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Cannabinoids Trigger Cellular Removal Of Alzheimer’s Disease-Associated Protein Plaques

Cannabinoids Trigger Cellular Removal Of Alzheimer’s Disease-Associated Protein Plaques

Researchers at the Salk Institute in California have discovered that compounds found in cannabis – including tetrahydrocannabinol (THC) – may help neurons remove protein clumps of amyloid beta, which have been associated with Alzheimer’s disease. The experiments conducted on neurons in cell culture highlight the role of inflammation in the neurodegenerative disease, and could help drugmakers develop novel treatments.

“Although other studies have offered evidence that cannabinoids might be neuroprotective against the symptoms of Alzheimer’s, we believe our study is the first to demonstrate that cannabinoids affect both inflammation and amyloid beta accumulation in nerve cells,” said Dr. David Schubert, a professor at the Salk Institute and an author on the paper. The research was published in the journal, Aging and Mechanisms of Disease.

According to the National Institutes of Health (NIH), over five million Americans are affected by Alzheimer’s disease. The degenerative disease is the most common cause of dementia and is a leading cause of death in the US.

Amyloid beta protein begins to accumulate within the neurons of the brain even before any Alzheimer’s disease-associated symptoms begin to manifest. While amyloid beta plaques are associated with the disease, it’s unclear whether their formation is causative of Alzheimer’s.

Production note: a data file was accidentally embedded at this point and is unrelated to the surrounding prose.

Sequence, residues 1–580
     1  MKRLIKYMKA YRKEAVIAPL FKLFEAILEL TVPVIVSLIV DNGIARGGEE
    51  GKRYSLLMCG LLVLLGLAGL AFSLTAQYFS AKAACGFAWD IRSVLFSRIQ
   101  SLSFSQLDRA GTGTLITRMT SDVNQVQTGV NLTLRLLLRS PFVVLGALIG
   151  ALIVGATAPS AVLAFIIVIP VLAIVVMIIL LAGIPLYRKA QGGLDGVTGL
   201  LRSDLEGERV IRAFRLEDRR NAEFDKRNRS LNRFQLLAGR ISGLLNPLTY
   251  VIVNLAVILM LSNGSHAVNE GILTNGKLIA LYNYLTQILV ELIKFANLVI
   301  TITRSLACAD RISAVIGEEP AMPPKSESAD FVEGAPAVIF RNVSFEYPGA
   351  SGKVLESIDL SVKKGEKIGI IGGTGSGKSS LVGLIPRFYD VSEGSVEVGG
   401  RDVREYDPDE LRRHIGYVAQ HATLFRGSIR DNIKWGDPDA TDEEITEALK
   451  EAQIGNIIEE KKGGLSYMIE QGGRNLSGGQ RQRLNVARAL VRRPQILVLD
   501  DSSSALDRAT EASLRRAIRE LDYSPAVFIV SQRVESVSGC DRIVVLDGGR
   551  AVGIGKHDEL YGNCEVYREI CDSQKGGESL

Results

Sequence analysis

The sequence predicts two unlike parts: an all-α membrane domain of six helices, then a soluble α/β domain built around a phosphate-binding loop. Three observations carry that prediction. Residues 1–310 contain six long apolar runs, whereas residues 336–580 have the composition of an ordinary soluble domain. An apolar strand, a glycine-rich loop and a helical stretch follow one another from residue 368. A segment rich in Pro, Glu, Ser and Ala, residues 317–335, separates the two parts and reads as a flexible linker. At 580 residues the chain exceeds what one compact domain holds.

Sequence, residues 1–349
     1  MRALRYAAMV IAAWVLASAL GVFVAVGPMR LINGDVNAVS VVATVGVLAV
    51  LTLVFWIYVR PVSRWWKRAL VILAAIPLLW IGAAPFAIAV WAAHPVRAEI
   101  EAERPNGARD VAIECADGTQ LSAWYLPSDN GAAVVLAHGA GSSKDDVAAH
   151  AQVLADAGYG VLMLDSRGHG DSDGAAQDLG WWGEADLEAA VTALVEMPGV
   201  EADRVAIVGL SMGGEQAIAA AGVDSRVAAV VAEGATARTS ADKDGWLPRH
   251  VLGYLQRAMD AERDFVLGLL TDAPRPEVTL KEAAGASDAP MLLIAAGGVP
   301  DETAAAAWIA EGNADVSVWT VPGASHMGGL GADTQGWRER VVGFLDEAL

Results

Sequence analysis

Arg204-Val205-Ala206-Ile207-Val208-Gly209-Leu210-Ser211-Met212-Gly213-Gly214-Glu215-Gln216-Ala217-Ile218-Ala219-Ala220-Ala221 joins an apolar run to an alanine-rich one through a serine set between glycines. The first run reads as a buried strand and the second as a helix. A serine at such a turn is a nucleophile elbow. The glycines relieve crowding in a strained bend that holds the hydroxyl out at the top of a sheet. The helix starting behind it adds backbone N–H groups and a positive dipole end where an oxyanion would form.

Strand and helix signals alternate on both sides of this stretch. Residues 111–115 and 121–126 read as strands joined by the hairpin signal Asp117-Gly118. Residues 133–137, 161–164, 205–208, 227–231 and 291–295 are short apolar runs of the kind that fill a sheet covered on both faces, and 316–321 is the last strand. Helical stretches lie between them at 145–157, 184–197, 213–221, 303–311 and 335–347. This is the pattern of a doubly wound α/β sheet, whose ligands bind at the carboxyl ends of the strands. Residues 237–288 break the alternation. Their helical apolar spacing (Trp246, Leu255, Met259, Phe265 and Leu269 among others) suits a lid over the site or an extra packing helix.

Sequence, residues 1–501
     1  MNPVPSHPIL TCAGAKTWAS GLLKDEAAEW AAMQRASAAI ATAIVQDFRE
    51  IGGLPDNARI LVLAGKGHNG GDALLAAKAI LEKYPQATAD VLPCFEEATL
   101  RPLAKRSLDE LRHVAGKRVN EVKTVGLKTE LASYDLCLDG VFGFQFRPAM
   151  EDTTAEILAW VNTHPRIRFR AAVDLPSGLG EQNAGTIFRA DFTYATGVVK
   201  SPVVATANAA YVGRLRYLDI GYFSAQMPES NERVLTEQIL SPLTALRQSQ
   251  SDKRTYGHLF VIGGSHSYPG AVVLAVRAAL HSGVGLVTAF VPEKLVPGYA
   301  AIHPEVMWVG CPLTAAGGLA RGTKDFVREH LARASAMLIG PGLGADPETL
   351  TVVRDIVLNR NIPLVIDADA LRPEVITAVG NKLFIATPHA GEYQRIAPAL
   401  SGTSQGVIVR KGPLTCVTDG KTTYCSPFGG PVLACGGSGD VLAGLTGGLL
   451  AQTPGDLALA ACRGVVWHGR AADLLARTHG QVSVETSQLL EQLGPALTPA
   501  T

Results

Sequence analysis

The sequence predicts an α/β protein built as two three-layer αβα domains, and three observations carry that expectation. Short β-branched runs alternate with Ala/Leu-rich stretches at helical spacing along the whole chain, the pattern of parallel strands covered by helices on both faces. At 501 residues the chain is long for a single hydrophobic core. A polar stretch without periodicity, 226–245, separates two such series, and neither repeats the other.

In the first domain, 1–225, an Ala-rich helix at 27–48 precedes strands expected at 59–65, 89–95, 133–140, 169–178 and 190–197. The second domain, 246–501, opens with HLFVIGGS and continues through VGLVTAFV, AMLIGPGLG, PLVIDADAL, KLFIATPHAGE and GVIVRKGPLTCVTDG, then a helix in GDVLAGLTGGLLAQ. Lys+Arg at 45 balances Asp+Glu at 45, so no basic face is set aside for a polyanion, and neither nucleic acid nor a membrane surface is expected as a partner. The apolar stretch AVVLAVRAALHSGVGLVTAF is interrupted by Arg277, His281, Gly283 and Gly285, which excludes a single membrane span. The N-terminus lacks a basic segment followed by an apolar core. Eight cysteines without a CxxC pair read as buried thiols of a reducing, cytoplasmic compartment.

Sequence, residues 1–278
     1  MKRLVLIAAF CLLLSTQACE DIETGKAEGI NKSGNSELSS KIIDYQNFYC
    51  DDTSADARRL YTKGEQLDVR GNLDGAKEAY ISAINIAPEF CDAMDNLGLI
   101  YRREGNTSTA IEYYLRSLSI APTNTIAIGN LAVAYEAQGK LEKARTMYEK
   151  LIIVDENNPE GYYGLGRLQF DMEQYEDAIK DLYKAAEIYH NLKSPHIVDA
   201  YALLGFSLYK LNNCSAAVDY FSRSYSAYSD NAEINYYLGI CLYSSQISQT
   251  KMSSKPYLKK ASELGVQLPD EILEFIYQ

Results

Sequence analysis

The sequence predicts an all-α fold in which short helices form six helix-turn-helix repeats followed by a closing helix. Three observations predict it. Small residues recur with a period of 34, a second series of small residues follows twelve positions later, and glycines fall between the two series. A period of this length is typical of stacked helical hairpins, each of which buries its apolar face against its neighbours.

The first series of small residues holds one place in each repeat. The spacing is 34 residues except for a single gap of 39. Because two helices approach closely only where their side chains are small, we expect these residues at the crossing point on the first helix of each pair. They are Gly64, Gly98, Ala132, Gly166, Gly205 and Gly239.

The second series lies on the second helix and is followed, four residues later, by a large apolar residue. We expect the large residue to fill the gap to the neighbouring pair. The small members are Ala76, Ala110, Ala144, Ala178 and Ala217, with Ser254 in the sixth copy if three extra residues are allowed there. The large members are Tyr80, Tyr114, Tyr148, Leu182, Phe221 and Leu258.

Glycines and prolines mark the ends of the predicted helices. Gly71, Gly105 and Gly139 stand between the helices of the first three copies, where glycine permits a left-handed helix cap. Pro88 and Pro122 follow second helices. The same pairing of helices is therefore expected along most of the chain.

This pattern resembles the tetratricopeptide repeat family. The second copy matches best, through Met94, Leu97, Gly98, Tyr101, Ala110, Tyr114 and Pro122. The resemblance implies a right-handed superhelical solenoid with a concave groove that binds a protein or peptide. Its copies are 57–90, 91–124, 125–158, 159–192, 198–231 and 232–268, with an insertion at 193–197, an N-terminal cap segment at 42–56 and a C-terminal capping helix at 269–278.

In studying human nerve cells designed to overexpress amyloid beta protein, Schubert and his colleagues found that the high protein levels were associated with cellular inflammation and increased incidence of cell death. After exposing the cells to THC, the researchers found that the levels of amyloid beta protein were lowered, and the inflammatory response elicited by the protein plaques was eliminated.

“Inflammation within the brain is a major component of the damage associated with Alzheimer’s disease, but it has always been assumed that this response was coming from immune-like cells in the brain, not the nerve cells themselves,” said Antonio Currais, a postdoctoral researcher in Schubert’s laboratory and primary author on the paper. “When we were able to identify the molecular basis of the inflammatory response to amyloid beta, it became clear that THC-like compounds that the nerve cells make themselves, may be involved in protecting the cells from dying.”

Endocannabinoids – lipid molecules that are endogenously present in the brain – act as intercellular signals that bind to their receptors on adjacent neurons. As THC derived from cannabis is similar to the endocannabinoids found in the brain, it is also able to bind to those same receptors.

While the results point to THC and the endocannabinoid receptor as a potential target for future Alzheimer’s therapies, the researchers caution the studies so far have only been conducted in cell culture. In order to test the safety and efficacy of THC-like compounds on humans, the drug would need to be studied further in clinical trials.